The setOuterBounds() method will be instantiated when the user changes the area of the frame, specifying the new area in the parameter bounds. Another possibility is that the user changes the area of a parent frame, and the parent framer stretches or expands the inner frames proportionally, so it will call setOuterBounds() for its inner frames and, recursively, this call may provoke other calls into deeper levels of the object hierarchy. The mode parameter is intended to distinguish between different calling situations (user command or parent invocation). The method returns as the result an error code to indicate whether the bounds could be changed and eventually the reason for failure.

In the other hand, the framers will provide means for the user to change the inner shape of a frame, but this may provoke a change in the size of the frame. For example, stretching the width of a text column may make the text flow to require extra lines, thereby enlarging the frame height. If this text object is inserted into another object, the available area within the parent frame may be reduced. Indeed, the shape of a frame can delimit the inner shape of parent or sibling frames. For this reason, any change in the position or shape of a frame must be communicated to the parent frames and also to other inner frames by instantiating their innerShapeUpdated() method, so that the corresponding framers can adjust their content accordingly. The parameter mode can be used to distinguish between different types of calls (from inner frame, from parent frame), which will be necessary to avoid infinite recurrent calls in the traversal of the frame hierarchy. This method does not return anything because is intended for notification purposes, so the successive processing will be performed in any case.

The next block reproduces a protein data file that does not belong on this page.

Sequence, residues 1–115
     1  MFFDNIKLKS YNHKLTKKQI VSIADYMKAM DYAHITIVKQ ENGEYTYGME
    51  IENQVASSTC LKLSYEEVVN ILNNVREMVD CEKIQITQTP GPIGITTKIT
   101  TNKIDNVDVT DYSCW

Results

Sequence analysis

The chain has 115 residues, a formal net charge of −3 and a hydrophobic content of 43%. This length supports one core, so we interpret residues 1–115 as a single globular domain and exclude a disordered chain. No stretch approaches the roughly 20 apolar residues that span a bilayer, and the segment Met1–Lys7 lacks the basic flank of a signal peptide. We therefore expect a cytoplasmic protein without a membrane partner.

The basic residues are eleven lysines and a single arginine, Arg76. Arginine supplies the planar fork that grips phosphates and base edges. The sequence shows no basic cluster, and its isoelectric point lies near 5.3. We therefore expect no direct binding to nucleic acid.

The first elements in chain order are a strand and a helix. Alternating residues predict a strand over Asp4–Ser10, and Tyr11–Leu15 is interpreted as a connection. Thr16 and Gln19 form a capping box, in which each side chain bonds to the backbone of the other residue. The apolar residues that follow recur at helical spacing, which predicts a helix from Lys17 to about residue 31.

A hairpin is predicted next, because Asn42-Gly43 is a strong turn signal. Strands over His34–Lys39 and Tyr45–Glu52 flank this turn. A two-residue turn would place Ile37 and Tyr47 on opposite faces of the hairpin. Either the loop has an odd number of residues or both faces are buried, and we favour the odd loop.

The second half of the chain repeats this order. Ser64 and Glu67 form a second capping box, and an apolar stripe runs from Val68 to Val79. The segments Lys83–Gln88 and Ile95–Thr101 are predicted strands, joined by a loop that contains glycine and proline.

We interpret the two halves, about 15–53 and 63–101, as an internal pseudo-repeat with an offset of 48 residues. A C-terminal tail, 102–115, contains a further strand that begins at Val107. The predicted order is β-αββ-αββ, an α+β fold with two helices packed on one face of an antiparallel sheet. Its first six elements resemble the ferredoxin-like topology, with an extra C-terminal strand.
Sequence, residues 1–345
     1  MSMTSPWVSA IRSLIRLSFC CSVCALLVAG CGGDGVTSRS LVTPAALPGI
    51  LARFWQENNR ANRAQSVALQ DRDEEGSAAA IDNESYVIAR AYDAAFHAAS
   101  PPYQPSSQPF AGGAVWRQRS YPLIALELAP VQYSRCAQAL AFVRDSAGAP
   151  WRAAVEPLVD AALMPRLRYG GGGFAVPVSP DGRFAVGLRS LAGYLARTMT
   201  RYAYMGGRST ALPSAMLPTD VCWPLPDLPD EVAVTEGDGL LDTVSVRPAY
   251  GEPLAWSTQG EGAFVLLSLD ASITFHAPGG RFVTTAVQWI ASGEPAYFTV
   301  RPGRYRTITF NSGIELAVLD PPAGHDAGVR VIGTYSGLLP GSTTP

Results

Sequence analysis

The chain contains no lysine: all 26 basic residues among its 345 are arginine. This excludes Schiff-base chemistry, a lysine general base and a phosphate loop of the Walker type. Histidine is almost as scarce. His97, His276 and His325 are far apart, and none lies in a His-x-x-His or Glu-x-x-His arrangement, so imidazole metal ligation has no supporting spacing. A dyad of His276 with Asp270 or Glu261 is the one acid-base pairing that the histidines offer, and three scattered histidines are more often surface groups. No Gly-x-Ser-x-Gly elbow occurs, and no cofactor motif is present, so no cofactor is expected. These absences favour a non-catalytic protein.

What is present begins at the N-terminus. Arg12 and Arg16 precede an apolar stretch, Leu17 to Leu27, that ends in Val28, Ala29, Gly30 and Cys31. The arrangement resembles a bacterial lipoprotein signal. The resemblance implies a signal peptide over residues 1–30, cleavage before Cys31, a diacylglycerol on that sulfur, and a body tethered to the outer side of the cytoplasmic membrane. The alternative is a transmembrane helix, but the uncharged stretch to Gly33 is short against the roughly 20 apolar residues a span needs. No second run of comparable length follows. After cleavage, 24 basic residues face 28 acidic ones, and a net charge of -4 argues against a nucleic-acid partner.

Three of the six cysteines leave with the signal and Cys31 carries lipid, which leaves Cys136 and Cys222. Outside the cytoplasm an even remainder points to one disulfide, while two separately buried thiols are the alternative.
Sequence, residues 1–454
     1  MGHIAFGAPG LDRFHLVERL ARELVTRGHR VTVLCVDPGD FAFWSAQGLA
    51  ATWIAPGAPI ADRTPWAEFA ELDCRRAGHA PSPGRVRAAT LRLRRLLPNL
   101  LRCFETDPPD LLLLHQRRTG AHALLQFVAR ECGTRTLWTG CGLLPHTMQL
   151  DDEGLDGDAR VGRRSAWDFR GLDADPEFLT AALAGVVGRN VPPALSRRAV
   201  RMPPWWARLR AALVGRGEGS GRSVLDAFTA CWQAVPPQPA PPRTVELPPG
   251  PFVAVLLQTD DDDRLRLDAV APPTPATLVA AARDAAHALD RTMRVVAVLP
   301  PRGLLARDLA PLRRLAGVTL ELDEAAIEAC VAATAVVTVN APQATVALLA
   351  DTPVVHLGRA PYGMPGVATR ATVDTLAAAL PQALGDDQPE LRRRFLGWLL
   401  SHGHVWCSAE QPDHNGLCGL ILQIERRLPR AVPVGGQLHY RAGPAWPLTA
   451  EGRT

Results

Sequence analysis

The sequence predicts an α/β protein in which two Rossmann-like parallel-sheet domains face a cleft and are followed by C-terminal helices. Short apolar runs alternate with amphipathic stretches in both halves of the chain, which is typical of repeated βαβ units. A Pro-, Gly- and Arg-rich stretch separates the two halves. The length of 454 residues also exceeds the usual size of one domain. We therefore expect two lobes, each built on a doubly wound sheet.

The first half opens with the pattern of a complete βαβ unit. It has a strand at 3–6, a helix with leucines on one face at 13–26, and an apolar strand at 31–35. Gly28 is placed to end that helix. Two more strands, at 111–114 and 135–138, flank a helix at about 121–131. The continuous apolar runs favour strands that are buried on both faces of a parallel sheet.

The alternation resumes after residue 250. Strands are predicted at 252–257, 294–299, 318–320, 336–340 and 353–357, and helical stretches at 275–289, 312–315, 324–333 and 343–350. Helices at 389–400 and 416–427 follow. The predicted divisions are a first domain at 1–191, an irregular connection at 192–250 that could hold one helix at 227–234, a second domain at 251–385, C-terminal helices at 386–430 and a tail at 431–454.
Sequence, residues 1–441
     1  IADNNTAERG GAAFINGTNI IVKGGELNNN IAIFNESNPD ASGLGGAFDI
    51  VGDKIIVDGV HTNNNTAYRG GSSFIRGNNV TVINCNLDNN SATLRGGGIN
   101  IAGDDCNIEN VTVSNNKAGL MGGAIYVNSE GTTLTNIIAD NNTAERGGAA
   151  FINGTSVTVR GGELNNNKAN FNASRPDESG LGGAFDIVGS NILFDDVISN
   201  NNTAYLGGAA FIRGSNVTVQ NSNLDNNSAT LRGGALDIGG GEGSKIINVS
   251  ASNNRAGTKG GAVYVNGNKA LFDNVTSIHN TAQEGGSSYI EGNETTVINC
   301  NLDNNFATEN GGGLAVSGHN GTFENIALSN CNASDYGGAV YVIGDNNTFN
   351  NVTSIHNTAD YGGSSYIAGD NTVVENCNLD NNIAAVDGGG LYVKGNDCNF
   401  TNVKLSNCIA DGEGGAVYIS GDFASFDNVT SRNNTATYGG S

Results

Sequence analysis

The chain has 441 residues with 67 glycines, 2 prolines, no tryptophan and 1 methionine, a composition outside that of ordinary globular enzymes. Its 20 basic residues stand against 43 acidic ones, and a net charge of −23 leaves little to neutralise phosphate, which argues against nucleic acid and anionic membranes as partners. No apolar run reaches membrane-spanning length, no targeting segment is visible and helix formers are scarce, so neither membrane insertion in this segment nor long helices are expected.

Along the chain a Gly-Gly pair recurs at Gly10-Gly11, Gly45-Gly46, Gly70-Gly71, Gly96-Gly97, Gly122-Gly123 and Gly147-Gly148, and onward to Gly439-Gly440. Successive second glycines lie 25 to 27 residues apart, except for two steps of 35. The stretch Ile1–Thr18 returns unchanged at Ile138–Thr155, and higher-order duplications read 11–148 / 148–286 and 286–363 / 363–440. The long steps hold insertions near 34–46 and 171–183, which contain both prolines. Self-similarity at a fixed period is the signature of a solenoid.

FIG. 25

FIG. 25 is an example of interactions between outer bounds and inner shapes in a specific object hierarchy. There are two main frames, named as “Frame 0” 2500 and “Frame 1” 2540, which are supposed to be siblings within another top frame that is not shown. Moreover, frame 0 contain three internal frames, “Frame 0.1” 2510, “Frame 0.2” 2520 and “Frame 0.3” 2530. Frames 0 and 0.1 contain text, frames 1 and 0.2 contain images and frame 0.3 contains a drawing. Except for frame 0.1, the rest of frames present differences between their rectangular bounds (in black) and their inner shape (in gray). In frame 1, for example, the inner shape is an oval 2545 that clips the image content. The inner shape of frame 0.3 is the perimeter of the drawing (i.e. a star) 2535. In frame 0.2, the user adjusted the inner shape to follow the margins of the main topic of the image (i.e. the Eiffel tower) 2525. Finally, the text of frame 0 is delimited by the double column form 2503 and the rounded limit in the top-right corner 2505, as well as by the inner shapes of the other frames.